Sugar Glider FAQ

Q: What is a sugar glider? Is it a rodent like a squirrel or mouse?

A: Sugar glider is the common name for a small marsupial native to Australia and Indonesia. Its scientific name is Petarus Breviceps.

Q: Are sugar gliders good pets?

A: They can be good pets, but they require lots of extra attention and care. They need a balanced diet, a large cage and daily interactions to remain healthy. It is illegal to keep sugar gliders in some cities and states, so keep that in mind before you acquire one. It may be difficult to find a vet that has the specialized knowledge needed to care for these small critters.

Q: How long do they live?

A: Sugar gliders live as long as our more common household pets, dogs and cats. Their average life span in captivity is 12 to 145 years. This means that you must be ready to care for your pet for many years.

Q: What do sugar gliders eat?

A: Sugar gliders require a specialized diet with a careful balanced of protein, calcium, fruits, vegetables and other nutrients. There are many commonly accepted diets which you can prepare such as BML, Priscilla’s Diet, the HPW diet and Darcy’s (Ensure) diet.

Q: What is the proper way to house sugar gliders?

A: Sugar gliders need a very large cage compared to most small pets. For 1 or 2 sugar gliders, the minimum cage dimensions are 24 inches wide by 24 inches deep and 36 inches high. A bigger cage is of course better, especially taller cages, since sugar gliders are arboreal and need the extra room to glide around. Bar spacing on the cage should be no more than 1/2 inch wide to ensure that your sugar glider cannot squeeze out. The bars should be powder or pvc coated as galvanized wire cages can result in urinary tract infections.

Q: What kind of toys do sugar gliders like?

A: You can find toys specially made for sugar gliders on the Internet or you can use baby toys and bird toys. You can even make your own sugar glider toys if you are handy and there are many directions to be found on sugar glider websites. Sugar gliders love toys that enable them to hang or climb around their cage and pouches or nests were they can snuggle. You want to avoid toys with small parts, especially small holes that your sugar glider could catch his toes in and injure himself. Also, avoid cat toys since catnip is toxic to sugar gliders.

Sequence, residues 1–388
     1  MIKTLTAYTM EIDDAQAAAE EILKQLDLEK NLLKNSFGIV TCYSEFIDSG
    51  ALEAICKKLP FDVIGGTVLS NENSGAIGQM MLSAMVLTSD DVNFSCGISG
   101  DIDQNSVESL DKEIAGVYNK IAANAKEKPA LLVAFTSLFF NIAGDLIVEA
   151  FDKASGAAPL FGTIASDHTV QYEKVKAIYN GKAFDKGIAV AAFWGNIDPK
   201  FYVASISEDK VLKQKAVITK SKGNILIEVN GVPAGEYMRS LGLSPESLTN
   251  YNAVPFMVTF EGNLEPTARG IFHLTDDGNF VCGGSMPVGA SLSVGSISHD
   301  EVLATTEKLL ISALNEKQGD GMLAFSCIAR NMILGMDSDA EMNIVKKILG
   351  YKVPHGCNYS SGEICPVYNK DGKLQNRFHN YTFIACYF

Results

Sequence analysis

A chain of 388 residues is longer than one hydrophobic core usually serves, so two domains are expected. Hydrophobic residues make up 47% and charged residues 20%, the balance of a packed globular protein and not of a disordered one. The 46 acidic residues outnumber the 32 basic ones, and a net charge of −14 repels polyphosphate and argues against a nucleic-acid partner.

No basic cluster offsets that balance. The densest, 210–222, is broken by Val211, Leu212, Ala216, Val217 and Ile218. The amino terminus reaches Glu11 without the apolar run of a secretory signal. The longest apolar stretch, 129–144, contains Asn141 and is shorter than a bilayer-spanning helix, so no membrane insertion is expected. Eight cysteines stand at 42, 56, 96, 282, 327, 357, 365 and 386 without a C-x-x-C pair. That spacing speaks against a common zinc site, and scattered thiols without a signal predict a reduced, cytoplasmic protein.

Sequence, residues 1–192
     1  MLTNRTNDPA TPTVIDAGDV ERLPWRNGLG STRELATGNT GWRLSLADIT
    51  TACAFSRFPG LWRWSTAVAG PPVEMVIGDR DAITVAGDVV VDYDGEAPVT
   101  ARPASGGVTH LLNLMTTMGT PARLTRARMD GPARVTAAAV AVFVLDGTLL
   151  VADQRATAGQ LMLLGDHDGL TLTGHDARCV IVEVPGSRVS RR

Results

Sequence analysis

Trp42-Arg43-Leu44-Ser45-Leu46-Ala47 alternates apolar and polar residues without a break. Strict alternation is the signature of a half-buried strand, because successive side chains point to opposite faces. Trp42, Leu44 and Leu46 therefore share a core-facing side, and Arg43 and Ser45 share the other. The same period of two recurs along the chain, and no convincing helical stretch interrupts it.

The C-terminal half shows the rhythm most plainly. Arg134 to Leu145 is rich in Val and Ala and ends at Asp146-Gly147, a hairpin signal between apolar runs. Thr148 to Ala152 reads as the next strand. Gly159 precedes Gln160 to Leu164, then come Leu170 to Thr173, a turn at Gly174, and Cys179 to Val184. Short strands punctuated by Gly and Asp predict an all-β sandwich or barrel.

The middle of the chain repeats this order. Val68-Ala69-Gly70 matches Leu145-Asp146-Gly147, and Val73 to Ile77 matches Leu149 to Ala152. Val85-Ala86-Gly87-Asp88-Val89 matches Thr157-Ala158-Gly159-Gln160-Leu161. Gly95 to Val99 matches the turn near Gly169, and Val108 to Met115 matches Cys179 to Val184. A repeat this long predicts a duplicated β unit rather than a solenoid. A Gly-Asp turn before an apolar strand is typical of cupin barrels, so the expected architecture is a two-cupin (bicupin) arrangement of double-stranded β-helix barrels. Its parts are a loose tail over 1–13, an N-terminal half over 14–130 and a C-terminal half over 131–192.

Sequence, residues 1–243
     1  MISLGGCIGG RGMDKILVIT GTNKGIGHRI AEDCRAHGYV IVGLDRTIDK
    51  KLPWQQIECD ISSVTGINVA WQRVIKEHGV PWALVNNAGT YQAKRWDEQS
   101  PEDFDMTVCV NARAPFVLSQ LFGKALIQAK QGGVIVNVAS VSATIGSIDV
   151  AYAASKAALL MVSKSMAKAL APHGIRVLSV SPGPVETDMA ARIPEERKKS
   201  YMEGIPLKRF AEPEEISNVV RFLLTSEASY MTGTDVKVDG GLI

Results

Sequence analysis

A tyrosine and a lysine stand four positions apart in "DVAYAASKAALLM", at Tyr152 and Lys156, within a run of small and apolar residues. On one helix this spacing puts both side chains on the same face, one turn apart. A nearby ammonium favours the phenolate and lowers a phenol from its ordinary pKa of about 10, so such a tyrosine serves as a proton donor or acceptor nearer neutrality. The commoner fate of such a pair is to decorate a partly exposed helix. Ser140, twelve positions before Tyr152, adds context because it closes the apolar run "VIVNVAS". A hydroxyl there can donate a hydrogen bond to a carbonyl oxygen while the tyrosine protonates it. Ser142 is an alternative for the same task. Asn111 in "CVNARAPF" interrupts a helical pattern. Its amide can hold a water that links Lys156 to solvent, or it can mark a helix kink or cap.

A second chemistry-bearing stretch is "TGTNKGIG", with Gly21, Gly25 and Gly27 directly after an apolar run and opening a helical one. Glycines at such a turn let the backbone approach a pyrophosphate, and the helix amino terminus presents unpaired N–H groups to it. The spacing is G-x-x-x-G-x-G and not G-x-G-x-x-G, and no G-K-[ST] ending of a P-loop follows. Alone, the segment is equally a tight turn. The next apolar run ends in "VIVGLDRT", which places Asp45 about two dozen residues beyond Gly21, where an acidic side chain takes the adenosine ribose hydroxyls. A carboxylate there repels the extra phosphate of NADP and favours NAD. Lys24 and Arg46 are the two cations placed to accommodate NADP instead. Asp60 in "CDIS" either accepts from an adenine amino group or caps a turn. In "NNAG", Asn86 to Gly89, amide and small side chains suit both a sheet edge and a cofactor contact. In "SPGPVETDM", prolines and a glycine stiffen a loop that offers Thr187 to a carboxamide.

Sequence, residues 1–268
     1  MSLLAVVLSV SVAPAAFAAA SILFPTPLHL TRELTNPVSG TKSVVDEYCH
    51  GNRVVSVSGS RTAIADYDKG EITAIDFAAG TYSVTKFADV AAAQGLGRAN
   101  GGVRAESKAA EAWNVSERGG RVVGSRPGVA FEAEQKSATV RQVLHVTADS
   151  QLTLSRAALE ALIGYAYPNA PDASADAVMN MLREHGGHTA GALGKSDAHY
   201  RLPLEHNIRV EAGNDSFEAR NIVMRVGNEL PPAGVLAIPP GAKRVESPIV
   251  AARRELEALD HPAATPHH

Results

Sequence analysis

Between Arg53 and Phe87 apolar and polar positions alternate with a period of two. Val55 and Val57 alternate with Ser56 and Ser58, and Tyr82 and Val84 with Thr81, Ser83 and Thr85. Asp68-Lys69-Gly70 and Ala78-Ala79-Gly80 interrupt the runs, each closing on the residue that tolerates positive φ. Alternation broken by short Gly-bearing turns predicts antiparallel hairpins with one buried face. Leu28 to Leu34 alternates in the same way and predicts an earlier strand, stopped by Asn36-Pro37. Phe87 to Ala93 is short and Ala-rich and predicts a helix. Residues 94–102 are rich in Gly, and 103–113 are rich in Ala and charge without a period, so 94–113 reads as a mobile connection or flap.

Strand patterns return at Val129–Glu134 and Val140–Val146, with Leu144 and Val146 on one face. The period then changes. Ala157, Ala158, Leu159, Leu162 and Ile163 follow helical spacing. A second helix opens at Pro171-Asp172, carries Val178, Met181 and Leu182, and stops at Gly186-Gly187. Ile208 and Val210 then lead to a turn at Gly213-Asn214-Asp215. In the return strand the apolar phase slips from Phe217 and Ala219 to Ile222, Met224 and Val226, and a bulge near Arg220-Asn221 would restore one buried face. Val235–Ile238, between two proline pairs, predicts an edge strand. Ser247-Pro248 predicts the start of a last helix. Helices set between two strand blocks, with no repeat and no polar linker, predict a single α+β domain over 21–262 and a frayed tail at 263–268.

Q: Do I need more than one sugar glider?

A: Two sugar gliders is strong recommended since they live in colonies in the wild. One sugar glider will often be extremely lonely and can become depressed. Depression in sugar gliders causes poor health, self-mutilation and even death. If you do choose to have only one sugar glider, be prepared to spend 3-4 hours a night interacting with him.

Q: What is the best age to get a joey?

A: Baby sugar gliders are called joeys, just like baby kangaroos. Joeys should be a minimum of 8-10 weeks Out of Pouch (OOP) before they go to their new home. This ensures that they are properly weaned and can eat on their own before leaving their mother.

Q: Can I let my sugar glider run loose in the house?

A: Sugar gliders should only be let loose in a glider-proofed area, also known as a safe room. They should be supervised at all times to make sure they don’t get into trouble and injure themselves. They can easily fit into small spaces and run the risk of being squished, drowning in a toilet or sink, harmed by other pets or potentially eat something that is toxic to them.

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